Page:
At Calvary by Wm. R. Newell, 1895

It is when it finally sunk in that what happened on that long ago Friday, Christ’s suffering and sacrifice, was for me, that I truly understood what was so very good about it.

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What do you expect?

This Sunday, Palm Sunday, marks Jesus’ triumphal entry into Jerusalem, an historical event supported by extra-Biblical writings.

We read of how the Jewish citizens in the city flocked to see Jesus enter Jerusalem. News of Christ’s raising of Lazarus from death in a nearby village only a few days earlier had swept through the population. These people knew Lazarus and his sisters, Mary and Martha, or they knew people who knew them. Now, they hoped the other rumors about this man, Jesus, might be true and that he was going to set them free from Roman oppression.

No wonder they waved palm branches and cried, “Hosannah!” as Jesus and his disciples made their way through the narrow streets.

Less than a week later, many of these same people were gathered again, shouting “Crucify him!” Were the citizens of Jerusalem all schizophrenics, or what? How do we explain such extreme fickleness on such a massive scale?

These were unsettled times in Israel. The people were under occupation by Rome, but various factions, notably the zealots, had been rebelling and causing retribution and further unrest. The Jewish leaders were trying to keep the peace and maintain the fragile freedoms they had under Roman rule. These men were scholars, well versed in the history of their people and desperate not to see some of those ancient horrors repeated. In their minds Jesus threatened to upset the tenuous status quo.

The people had cried out for a leader to save them from Rome, not a redeemer to save them from their sins. They were sure that a man who could bring the dead back to life, make lame beggars walk and blind men see, could surely use his powers to defeat the armies of Rome.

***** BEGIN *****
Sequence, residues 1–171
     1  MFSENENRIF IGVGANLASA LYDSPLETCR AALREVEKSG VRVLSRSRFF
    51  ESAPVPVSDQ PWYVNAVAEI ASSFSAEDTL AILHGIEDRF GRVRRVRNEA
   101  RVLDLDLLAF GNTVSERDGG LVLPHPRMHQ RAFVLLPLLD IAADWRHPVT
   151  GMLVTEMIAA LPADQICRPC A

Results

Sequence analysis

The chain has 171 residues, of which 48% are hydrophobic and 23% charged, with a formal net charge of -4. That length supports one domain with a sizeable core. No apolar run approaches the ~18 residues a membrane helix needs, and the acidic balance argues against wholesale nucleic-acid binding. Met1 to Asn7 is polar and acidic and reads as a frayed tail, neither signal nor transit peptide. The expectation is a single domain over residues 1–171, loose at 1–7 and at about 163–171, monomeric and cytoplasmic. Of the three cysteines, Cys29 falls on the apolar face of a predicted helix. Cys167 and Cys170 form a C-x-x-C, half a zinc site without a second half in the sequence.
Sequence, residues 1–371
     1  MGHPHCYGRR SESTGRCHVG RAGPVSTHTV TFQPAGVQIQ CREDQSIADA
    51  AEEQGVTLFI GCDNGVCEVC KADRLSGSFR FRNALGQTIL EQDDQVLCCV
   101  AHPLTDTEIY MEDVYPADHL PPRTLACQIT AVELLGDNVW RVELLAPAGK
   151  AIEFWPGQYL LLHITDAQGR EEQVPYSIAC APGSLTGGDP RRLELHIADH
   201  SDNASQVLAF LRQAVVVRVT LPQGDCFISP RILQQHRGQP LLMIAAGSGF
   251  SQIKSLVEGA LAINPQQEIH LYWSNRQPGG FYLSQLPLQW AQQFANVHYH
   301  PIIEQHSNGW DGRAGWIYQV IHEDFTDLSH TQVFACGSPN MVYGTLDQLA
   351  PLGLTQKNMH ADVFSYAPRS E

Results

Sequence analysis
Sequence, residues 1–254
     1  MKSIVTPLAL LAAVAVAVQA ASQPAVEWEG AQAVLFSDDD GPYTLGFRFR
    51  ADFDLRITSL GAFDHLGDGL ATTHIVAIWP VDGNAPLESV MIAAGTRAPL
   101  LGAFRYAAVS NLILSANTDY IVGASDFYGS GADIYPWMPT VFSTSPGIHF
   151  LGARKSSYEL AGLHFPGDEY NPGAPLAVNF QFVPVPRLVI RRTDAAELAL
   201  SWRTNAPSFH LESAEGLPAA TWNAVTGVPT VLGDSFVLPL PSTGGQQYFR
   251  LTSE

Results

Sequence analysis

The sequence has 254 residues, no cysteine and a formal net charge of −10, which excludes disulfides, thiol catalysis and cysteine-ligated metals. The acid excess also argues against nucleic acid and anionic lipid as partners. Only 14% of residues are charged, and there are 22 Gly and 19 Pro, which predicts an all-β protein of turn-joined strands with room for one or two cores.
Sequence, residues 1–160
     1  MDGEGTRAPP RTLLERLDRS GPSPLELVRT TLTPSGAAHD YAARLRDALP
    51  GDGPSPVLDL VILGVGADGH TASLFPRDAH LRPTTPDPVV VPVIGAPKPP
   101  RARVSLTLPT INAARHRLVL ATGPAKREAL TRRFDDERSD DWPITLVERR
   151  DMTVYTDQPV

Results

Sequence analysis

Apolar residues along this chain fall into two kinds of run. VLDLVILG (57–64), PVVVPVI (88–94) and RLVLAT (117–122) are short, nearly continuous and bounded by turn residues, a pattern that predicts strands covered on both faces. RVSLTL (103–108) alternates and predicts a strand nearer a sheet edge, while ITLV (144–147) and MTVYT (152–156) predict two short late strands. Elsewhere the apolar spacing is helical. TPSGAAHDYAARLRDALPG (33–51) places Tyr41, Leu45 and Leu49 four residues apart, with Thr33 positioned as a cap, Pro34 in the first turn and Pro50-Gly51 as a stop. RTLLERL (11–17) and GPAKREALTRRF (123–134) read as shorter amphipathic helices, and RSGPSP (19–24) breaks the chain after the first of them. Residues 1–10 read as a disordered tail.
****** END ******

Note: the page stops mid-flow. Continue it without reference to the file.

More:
When they began to realize this was not his plan, many were angry such a powerful man would refuse to use his great power to free the people from Roman tyranny.  Even when Jesus was arrested, there were those who expected him to use his powers to save himself. Perhaps some of those gathered at the foot of the cross were still expecting a display of supernatural power when Christ would step down from the cross and defeat their enemies.

Unmet expectations cause strong reactions in all of us. When we expect something to happen, we begin to feel entitled to have it happen and we react with righteous anger if we are denied. This happens in relationships all the time. When marriages break up it is not uncommon to hear one party or the other say something like, “This isn’t what I signed up for.” Their partner failed to meet their expectations.

The Jews in Jerusalem expected an earthly champion who would throw off the Roman shackles. Their anger and disappointment wouldn’t let them see the far greater gift Jesus offered them.

Palm branch

Through His sacrifice, He threw off the shackles of sin and death for all who believe in Him.

“Hosannah! Blessed is He who comes in the name of the Lord!”